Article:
Voter lists for today’s council elections have been placed at polling stations for the first time with national identity card photos, prompting complaints from women with face veils.
Speaking at an Elections Commission (EC) press conference this afternoon, EC President Fuwad Thowfeek said photos were included in the eligible voters registry placed outside each polling station as a safeguard to prevent fraud.
“Even though this is something new that we introduced, in most countries, photos of voters are included in the voters list,” Thowfeek said.
Photos of all eligible voters were provided by the Department of National Registration (DNR) from its identity card database with the exception of 1,170 photos, Thowfeek said.
The voters list used in previous elections only included name, address, ID card number and date of birth.
EC member Ali Mohamed Manik said the EC decided to make the lists with ID card photos in the interest of ensuring transparency.
“There are a lot of foreigners living in the country. As there could be a chance for foreigners to vote using ID cards, this was done to prevent that and facilitate the right to vote for Maldivians,” he said.
Manik said the commission has officially received two complaints so far from women in cases where the ID card photos were taken before they wore face veils.
The official in charge of the Elections Complaints Bureau noted that a number of women who wear the hijab were also phoning in complaints about their photos being made public.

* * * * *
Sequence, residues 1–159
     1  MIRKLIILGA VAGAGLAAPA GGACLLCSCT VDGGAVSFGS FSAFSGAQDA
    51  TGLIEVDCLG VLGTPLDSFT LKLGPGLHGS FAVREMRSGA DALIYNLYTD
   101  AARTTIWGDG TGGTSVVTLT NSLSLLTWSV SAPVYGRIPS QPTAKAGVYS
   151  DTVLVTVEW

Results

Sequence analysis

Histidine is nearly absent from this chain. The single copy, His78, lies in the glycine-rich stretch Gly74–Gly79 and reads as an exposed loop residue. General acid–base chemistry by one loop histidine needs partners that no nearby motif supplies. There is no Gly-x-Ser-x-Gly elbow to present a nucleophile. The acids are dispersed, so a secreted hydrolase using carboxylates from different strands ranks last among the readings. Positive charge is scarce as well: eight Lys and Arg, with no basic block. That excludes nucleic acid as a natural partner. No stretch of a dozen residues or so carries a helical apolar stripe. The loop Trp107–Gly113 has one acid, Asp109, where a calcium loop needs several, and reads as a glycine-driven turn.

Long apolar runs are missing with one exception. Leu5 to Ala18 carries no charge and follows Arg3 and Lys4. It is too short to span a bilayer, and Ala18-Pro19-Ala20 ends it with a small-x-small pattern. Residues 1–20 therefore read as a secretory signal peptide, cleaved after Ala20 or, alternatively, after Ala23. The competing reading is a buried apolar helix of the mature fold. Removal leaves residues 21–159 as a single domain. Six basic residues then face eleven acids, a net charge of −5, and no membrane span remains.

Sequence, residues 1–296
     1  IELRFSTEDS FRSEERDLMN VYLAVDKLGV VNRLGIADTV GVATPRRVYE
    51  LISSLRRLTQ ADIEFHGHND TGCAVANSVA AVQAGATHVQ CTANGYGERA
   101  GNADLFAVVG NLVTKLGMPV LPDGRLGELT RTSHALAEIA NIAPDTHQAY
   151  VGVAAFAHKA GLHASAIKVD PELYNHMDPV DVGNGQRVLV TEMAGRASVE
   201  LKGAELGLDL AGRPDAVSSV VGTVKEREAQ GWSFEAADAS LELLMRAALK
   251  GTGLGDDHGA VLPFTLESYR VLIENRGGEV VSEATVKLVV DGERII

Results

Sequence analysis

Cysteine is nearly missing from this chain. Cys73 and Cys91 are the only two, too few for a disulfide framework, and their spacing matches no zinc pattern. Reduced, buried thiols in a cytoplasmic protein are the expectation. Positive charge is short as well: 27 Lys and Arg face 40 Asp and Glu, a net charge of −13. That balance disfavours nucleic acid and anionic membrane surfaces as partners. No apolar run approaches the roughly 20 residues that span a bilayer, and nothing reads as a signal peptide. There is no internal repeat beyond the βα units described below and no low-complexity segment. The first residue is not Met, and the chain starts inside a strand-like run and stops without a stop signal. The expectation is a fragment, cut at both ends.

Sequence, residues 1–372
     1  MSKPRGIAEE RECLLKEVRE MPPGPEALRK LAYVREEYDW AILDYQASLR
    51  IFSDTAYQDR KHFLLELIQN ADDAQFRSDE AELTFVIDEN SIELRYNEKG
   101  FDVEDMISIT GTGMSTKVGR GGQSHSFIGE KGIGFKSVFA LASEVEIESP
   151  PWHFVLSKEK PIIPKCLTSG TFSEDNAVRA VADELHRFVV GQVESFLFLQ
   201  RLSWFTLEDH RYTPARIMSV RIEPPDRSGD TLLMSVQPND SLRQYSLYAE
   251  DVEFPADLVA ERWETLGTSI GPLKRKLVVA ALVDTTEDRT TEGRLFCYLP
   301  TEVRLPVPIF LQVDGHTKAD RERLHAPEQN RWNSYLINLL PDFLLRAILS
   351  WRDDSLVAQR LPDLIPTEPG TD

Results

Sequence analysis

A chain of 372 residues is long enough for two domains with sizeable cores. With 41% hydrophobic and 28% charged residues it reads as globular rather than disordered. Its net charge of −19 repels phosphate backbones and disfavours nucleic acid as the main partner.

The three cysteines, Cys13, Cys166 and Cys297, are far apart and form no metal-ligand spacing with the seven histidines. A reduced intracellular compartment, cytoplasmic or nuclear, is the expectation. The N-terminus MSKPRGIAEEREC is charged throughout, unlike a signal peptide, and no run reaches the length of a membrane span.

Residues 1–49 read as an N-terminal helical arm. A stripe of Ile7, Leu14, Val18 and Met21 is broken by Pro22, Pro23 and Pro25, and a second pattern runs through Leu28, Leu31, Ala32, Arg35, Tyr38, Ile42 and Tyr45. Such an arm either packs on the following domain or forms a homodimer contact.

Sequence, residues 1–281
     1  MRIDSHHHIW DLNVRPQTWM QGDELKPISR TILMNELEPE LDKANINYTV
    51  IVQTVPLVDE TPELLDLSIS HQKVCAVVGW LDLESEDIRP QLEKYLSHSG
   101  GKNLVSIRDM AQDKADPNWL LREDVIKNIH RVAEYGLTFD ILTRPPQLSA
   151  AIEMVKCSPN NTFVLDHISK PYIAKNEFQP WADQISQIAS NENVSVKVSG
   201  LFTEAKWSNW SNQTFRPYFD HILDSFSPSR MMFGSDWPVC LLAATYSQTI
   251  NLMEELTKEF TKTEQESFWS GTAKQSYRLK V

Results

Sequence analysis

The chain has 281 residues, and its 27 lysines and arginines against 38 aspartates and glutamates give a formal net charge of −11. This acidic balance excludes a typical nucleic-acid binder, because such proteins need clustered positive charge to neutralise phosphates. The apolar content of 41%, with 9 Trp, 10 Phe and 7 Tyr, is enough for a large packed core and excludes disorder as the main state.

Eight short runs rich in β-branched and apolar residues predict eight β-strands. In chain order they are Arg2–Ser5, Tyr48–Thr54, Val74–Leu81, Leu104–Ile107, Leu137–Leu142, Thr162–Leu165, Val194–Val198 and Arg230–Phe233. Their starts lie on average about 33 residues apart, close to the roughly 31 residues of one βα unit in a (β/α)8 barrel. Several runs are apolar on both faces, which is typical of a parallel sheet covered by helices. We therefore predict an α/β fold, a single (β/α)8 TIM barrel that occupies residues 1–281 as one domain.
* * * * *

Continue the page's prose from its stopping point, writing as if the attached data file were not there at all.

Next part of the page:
“Concerning these complaints, we brought it to the attention of the commission’s members and informed [polling stations] to cover with a piece of paper the photos of people who insist on taking it down,” he said.
He added that voters had an “individual responsibility” to update photos at the DNR after wearing the hijab.
Local media outlet CNM has meanwhile reported that some religious scholars have objected to the photos of women with face veils made public by the EC.
NGO Salaf preacher Sheikh Adam Shameem told the news website that making the photos public was demeaning to the women in question and called to punish those responsible.
Adhaalath Party President Sheikh Imran Abdulla also contended that the practice was contrary to Islamic principles and infringed on the rights of veiled women.
Among other complaints submitted to the EC included two cases where marked ballot papers were displayed, complaints regarding pens with fading ink and complaints over the conduct of election officials.